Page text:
Many a Slip

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Many a Slip was a BBC Radio 4 panel game created by Ian Messiter that ran from 1964 to 1979. It was chaired by Roy Plomley, with a musical mistakes round supplied by Steve Race. The title of the show is a reference to the English proverb "There's many a slip twixt the cup and the lip".

The BBC received requests from school teachers and lecturers for transcripts of Ian Messiter's pieces as a fun way of teaching educational subjects to students.

Contestants[edit]

For the first couple of series, the contestants were Isobel Barnett and Eleanor Summerfield versus Richard Murdoch and Lance Percival. Temporary replacements for Lance Percival in the first series (each for one show) were Kenneth Horne, Terence Alexander and Jon Pertwee.

When the annual radio series returned, magician David Nixon replaced Lance Percival. When David Nixon died in the 1970s Lance Percival returned.

In the early 1970s Isobel Barnett and Richard Murdoch were replaced by Katharine Whitehorn and Paul Jennings. The new panellists were replaced after only one series by Tim Rice and Gillian Reynolds who remained till the show was taken off air in 1979.

Over 250 shows were recorded. Roy Plomley and Steve Race were in every show. Eleanor Summerfield only missed two shows; her temporary replacement was Andrée Melly. The only other stand-in player for one show was Graeme Garden.

Format[edit]

In a typical round, Plomley read out a piece of text prepared by Messiter, and contestants buzzed in if they detected an error. Correctly identifying an error scored one point and supplying a correction was worth a second; if a contestant buzzed in when there was no error, two points were awarded to the opposing team. Occasionally a third point was awarded when a contestant spotted a mistake Messiter had not intended.

Mid-way through each show, for one round, Plomley handed over to "our musical mistakes man, Steve Race", who would play short extracts from well-known pieces of music, each preceded by a spoken introduction, while contestants attempted to detect errors in the introduction, the piece, or both. A regular feature was a memory round: Plomley read a short piece, usually of verse or song lyrics, then read it again later on in the show with funny alterations which the teams scored points for correcting. Other regular features were the Many a Slip library with its books of incorrect titles and authors; a murder mystery round with the Many a Slip detective; travelogues of different countries and the Many a Slip chef and his way of cooking with ingredients that no sane chef would use.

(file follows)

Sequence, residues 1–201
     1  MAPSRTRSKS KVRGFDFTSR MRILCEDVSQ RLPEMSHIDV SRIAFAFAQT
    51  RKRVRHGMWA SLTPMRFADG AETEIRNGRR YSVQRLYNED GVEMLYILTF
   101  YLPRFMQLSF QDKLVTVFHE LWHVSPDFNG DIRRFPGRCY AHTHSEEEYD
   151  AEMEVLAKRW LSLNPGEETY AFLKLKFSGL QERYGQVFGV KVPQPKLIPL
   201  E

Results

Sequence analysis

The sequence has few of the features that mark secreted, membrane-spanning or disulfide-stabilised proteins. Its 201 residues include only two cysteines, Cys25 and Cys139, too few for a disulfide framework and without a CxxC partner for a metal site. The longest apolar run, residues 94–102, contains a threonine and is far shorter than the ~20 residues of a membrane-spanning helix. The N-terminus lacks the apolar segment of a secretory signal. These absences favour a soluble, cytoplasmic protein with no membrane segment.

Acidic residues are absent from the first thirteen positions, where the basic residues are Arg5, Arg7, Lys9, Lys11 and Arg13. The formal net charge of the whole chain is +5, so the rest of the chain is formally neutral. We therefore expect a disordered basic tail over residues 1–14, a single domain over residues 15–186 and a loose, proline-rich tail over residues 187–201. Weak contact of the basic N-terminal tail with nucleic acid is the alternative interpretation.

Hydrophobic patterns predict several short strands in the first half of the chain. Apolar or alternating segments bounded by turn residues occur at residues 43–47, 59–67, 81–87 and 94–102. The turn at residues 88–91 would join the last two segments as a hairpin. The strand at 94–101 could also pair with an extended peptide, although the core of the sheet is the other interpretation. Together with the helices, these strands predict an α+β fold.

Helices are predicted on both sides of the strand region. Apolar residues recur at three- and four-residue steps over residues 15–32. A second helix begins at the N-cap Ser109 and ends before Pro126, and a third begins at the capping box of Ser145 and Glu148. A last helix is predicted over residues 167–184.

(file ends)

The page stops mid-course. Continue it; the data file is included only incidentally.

For each series the chairman kept a running total of how many games each team had won and in the last show he announced which team had won the series.

Other versions and connections to other shows[edit]

In the mid sixties it was tried out on TV for one series. Peter Haigh took over as chairman and Steve Race's contribution was replaced by a spot the mistakes in the picture round, but it was deemed too static for TV.[citation needed]

Personnel from Many a Slip took part in two special editions of Brain of Britain in which they were pitted against the current year's Brain of Brains. The first in the mid sixties had Eleanor Summerfield, Richard Murdoch and Roy Plomley and was chaired by Franklin Engelmann. The second in the mid 1970s had Eleanor Summerfield, David Nixon, Tim Rice and Gillian Reynolds and was chaired by Robert Robinson.

In the first series after the death of Kenneth Williams, for a double recording at the Paris Studio in Lower Regent Street (the home of many Many a Slip recordings), Many a Slip one-time team-mates Richard Murdoch and Lance Percival were reunited to do battle against Clement Freud and Wendy Richard in Ian Messiter's most successful panel game Just a Minute. Richard Murdoch remained a regular guest on Just a Minute till he died in the early 90s.

In the late 1990s the BBC recorded a pilot of Many a Slip at the Radio Theatre in Broadcasting House. The show's new host was one-time fill-in panellist Graeme Garden. The teams were Helen Lederer and Lorelei King versus Miles Kington and David Stafford. The show had a new musical mistakes man at the piano.

Theme Music[edit]

The theme music for the series was composed by the BBC Radiophonic Workshop

References[edit]

See also[edit]